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Pastry Margarine

post #1 of 10
Thread Starter 

Howdy Folks!

 

You were all so extremely helpful with my last question, I was hoping I could pick your collective brain a second time. Business is going fairly well and we're making a lot of puff pastry! We currently use butter for the pastry (who can resist!), but we're looking into reducing the costs a bit.

 

Does anyone has experience working with pastry margarine? How does it effect the taste and quality of the puff pastry?

 

Our supplier will not breakup the case and before I buy 22 lbs of the stuff to test on our products, I was hoping to get a little bit of feedback!

 

Cheers,

-Steve

post #2 of 10

I'm not a pastry chef, but I am a consumer..  I would much prefer to pay the higher price for butter in any pastry than save a few cents for pastry made with  margarine.. I have a cafe/bakery and we only use butter.  It is expensive- we pay $93 a for 36#, but the quality of our baked goods is far superior in taste to other places.  I know my customers would rather pay a higher price for baked goods made with butter.  Just my opinion....

post #3 of 10

Hi Steve,

It's great to hear business is going well.

I'm going to put flavor as the taste of the product.

I'm going to put quality as the appearance.

 

The flavor is usually artificial. I think a good portion of population can recognize this over the natural butter.

 

Some qualities are that the Marg. will blend well with the dough.

Makes for easier lamination. Good plasticity, adds some lift in the over. It has

a higher burn point.

 

I think that switching should depend on what your final product is. If you are using this as a base or a vessal

for other ingredients it will take some adjusting.

Bakers margarine is usually used in doughs that are flavored like, cardamon in danish dough.

I think if you are seriously considering changing I would go with a straight puff shortening to start.

 

Where are you purchasing your butter? Some bakery supply houses will sell frozen butter cheaper. I have yet to find

a difference when used in doughs.

Are you using 1# blocks? You can usually get 50# cubes for a cheaper price.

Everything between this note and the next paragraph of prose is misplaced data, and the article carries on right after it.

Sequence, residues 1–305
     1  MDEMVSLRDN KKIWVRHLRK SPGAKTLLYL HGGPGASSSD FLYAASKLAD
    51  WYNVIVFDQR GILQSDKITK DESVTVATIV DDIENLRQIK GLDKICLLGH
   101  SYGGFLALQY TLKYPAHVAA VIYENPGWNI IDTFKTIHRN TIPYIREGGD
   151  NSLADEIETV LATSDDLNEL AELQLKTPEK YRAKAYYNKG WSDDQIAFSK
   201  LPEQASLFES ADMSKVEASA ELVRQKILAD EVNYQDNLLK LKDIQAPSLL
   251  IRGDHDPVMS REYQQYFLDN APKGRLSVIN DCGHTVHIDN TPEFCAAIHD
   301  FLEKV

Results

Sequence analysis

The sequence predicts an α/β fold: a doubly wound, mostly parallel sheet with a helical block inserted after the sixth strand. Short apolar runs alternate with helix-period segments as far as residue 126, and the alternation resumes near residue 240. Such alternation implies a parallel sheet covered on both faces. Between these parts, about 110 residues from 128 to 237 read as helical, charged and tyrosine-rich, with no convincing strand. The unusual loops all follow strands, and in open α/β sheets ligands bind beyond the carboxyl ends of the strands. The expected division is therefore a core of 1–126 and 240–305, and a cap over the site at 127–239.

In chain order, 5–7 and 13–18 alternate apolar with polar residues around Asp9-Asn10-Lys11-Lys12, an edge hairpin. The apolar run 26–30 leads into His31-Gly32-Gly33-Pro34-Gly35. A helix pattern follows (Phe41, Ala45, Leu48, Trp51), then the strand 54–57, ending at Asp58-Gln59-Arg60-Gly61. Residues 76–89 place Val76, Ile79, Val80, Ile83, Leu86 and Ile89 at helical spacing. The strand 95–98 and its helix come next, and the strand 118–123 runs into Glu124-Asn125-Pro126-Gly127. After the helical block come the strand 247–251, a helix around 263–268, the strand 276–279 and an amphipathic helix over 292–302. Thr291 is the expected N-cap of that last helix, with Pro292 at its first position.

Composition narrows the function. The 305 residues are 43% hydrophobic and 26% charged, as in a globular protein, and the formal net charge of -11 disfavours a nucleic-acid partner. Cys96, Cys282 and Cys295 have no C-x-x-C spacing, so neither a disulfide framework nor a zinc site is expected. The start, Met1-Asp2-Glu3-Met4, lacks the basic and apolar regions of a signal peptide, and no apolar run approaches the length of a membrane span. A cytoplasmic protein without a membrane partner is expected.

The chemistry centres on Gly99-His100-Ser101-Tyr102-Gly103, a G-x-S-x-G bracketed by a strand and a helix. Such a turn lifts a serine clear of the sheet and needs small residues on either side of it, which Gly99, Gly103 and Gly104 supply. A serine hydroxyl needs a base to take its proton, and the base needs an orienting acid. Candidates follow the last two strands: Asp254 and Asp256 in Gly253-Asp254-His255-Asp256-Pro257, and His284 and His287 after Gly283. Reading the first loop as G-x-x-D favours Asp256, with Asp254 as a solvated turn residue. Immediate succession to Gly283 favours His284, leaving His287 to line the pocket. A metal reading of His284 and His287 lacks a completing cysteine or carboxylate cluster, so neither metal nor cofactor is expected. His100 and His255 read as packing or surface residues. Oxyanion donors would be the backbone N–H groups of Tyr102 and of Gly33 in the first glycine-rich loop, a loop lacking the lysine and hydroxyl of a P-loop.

HTH's

panini

 

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post #4 of 10

Good points above, and you might want to consider cutting the real butter with some of the margarine if you have to rather than substituting it completely. I have to agree that the taste will be greatly affected. Nothing beats butter for flavor. And don't forget, if your costs rise, you might have to absorb that into the final products' price. Difficult balancing act if you have a lot of repeat customers who are used to your current pricing.

post #5 of 10

um, blwilson,

I king of disagree with cutting with margarine. The flavor of the margarine will overpower the butter taste.

If anything you can cut with shortening but why waste the butter.

pan

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post #6 of 10

Panini, I only suggested the margarine if that's their only option for cutting costs. I did say in my post, "I have to agree that the taste will be greatly affected. Nothing beats butter for flavor."

 

I wouldn't consider using margarine in anything. I can't stand the taste. I agree that shortening has a more neutral flavor, but it will dilute the butter flavor.

 

Butter is better.

post #7 of 10

bl

My point was the marg. has such an atrificial flavor you lose the real  butter flavor altogether. You might as well go marg. all the way. That's all. pan

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post #8 of 10
Quote:
Originally Posted by blwilson2039 View Post

Good points above, and you might want to consider cutting the real butter with some of the margarine if you have to rather than substituting it completely. I have to agree that the taste will be greatly affected. Nothing beats butter for flavor. And don't forget, if your costs rise, you might have to absorb that into the final products' price. Difficult balancing act if you have a lot of repeat customers who are used to your current pricing.


Even worse if you have customers used to your current quality.  It would be easier to adjust the price to reflect the cost of butter than it would be to rebuild a customer base when your currrent ones are discouraged by the difference in taste.

 

post #9 of 10

lentil is spot on!  Letting your customers know that price increases of your products are due to the price increase of your quality ingerediants keeps us coming back.for what we expect.

post #10 of 10

Investigate the cost savings you'd get from buying a 50# cube of butter rather than buying the individual 1# cubes, it will help.  You can also look into what your total dairy spending was and use it to see if you can negotiate rates for next year (you know this year you used 8000 pounds of butter) and see if that can get you a lower rate for next year.  Or compare what buying that amount in single pound bricks versus buying the 50 pound blocks and hopefully that can help.

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